4. The system of claim 1, wherein the processing unit is operable to track the current status of the development of the software program, and the display is operable to present a report summarizing the current status including which portions of code remain to be written in accordance with predetermined standards.
5. The system of claim 1, wherein the programming language is an Advanced Business Application Programming (ABAP) language operable to create SAP applications.
6. In a computer-readable medium having instructions executable on a computer stored thereon, the instructions comprising:
identifying a hard coded value in a first version of a software program written in a programming language;
creating a text element corresponding to the hard coded value; and
replacing at least one instance of the hard coded value in the first version of the software program with the text element to create an updated version of the software program.
7. The computer-readable medium of claim 6, the instructions comprising:
displaying a portion of the first version of the software program containing the hard coded value identified on a first part of a display screen; and
displaying a portion of the updated version of the software program containing the text element corresponding to the hard coded value on a second part of the display screen whereby a comparison may be made between the first version and the updated version of the software program.
8. The computer-readable medium of claim 6, the instructions comprising:
identifying a programming error associated with a first portion of code written in the programming language, the first portion of code being improperly written according to programming rules governing the programming language;
generating a programming warning associated with a second portion of code written in the programming language that may impede the proper execution of the software program; and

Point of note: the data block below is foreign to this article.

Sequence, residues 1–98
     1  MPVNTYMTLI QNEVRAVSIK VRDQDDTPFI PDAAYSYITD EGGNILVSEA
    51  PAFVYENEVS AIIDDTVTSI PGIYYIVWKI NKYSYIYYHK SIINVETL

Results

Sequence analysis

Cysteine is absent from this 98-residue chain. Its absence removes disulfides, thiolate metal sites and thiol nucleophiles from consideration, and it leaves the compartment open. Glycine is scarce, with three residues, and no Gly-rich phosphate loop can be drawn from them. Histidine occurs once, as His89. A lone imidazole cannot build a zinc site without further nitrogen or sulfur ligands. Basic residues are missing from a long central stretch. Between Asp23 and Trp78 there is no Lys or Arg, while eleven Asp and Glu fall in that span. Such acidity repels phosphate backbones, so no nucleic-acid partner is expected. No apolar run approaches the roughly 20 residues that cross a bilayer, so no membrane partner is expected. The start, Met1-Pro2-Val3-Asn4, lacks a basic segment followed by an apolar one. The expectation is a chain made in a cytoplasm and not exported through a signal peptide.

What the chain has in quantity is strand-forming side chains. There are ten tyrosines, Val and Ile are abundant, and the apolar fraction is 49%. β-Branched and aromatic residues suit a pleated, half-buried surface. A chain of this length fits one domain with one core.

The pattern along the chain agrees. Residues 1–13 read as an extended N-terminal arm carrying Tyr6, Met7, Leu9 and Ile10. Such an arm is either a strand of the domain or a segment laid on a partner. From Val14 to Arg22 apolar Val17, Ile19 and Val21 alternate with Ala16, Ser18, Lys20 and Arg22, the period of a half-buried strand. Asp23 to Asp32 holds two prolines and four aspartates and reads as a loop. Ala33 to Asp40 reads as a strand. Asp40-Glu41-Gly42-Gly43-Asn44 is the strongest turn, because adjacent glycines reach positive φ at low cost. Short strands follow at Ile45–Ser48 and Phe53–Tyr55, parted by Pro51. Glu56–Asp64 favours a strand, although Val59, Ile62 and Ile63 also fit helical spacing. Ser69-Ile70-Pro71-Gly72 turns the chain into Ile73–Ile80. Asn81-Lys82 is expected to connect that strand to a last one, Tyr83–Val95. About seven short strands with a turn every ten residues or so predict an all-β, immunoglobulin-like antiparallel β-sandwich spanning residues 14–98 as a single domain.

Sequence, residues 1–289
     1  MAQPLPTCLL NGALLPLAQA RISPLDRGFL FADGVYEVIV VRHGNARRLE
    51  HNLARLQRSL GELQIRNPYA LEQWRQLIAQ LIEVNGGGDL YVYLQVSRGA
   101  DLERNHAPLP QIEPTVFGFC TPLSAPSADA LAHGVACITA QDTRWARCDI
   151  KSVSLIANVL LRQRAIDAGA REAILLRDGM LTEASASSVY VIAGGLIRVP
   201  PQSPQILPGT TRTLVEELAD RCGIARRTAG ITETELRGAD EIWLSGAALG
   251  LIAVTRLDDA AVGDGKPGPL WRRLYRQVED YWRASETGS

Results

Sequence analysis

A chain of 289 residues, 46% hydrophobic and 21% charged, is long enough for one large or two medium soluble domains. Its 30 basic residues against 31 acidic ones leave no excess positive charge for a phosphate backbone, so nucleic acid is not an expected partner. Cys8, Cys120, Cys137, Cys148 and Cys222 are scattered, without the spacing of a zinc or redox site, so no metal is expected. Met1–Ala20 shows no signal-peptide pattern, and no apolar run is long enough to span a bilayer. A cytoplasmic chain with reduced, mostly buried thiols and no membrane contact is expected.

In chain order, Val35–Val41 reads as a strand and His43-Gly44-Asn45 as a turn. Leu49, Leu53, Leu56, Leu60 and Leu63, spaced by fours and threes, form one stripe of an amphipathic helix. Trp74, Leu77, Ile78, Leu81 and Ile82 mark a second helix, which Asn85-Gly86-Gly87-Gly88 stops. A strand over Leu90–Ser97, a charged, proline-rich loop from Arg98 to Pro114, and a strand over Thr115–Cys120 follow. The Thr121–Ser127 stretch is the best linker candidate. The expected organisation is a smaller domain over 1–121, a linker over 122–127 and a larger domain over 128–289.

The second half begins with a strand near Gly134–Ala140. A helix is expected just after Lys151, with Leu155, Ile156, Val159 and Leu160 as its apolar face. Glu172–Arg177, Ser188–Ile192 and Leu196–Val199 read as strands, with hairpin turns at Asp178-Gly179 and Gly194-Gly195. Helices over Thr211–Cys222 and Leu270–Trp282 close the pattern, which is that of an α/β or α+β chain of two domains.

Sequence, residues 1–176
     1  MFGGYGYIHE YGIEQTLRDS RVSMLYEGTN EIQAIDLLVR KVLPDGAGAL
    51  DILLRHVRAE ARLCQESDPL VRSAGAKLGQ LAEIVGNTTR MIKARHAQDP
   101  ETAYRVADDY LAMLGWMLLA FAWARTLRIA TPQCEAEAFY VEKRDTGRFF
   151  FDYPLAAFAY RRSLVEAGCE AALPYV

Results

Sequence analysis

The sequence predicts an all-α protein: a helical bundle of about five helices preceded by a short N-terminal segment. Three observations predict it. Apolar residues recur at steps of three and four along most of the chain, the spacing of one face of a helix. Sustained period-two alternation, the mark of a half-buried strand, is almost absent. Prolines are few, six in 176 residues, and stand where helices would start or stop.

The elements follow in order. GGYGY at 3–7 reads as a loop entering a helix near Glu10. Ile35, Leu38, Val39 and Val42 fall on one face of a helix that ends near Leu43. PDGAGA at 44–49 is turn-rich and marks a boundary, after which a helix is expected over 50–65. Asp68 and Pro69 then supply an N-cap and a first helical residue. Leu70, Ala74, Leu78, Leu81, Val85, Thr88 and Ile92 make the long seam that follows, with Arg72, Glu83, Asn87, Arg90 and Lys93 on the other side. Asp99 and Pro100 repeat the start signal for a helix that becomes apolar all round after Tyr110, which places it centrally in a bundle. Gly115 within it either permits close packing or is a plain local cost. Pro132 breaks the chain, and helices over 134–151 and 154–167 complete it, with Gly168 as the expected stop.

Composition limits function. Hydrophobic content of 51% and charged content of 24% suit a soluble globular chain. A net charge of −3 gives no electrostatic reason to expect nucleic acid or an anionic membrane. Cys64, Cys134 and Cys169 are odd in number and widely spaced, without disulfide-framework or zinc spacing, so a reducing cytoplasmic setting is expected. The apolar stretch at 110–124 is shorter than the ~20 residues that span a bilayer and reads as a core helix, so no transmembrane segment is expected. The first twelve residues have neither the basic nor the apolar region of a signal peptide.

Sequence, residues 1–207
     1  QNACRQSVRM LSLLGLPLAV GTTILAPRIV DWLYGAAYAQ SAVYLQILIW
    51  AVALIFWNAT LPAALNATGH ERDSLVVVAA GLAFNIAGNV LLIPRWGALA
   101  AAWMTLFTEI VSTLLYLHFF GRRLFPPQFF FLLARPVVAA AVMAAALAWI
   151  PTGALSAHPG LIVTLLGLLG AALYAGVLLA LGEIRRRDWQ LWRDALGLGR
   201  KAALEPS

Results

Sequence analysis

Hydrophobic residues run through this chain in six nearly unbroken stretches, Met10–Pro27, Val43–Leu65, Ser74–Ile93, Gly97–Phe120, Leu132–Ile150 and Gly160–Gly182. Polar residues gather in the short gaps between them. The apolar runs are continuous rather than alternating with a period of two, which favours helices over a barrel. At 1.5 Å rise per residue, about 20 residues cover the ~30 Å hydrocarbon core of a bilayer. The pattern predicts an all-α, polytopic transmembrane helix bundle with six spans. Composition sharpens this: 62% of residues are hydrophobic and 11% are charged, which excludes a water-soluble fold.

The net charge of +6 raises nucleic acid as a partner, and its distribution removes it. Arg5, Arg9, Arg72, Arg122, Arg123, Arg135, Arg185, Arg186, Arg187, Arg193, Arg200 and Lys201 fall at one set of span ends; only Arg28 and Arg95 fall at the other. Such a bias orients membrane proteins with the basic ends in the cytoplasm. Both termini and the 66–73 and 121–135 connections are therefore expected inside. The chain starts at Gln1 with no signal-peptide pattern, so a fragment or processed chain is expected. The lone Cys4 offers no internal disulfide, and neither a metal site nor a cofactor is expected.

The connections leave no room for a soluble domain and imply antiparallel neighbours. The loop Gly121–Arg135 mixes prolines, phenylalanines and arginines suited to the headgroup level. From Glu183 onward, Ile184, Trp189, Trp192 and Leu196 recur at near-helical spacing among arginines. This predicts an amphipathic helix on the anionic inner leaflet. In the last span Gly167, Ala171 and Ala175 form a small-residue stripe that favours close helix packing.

generating a programming suggestion containing suggested code written in the programming language operable to be inserted into the software program and replace a corresponding portion of pre-existing code in the first version of the software program.
9. The computer-readable medium of claim 6, wherein the programming language is an Advanced Business Application Programming (ABAP) language and the instructions comprise checking if a SY-SUBRC check has been performed.
10. The computer-readable medium of claim 6, the instructions comprise identifying errors associated with a nested programming structure.
11. A method of automatically inspecting code quality, the method comprising:
automatically identifying a hard coded value in a first version of a software program written in a programming language;
automatically creating a text element corresponding to the hard coded value; and
automatically replacing at least one instance of the hard coded value in the first version of the software program with the text element to create an updated version of the software program.
12. The method of claim 11, the method comprising:
displaying a portion of the first version of the software program containing the hard coded value identified on a first part of a display screen; and
displaying a portion of the updated version of the software program containing the text element corresponding to the hard coded value on a second part of the display screen whereby a comparison may be made between the first version and the updated version of the software program.
13. The method of claim 11, the method comprising:
automatically identifying a programming error associated with a first portion of code written in the programming language, the first portion of code being improperly written according to programming rules governing the programming language;
automatically generating a programming warning associated with a second portion of code written in the programming language that may impede the proper execution of the software program; and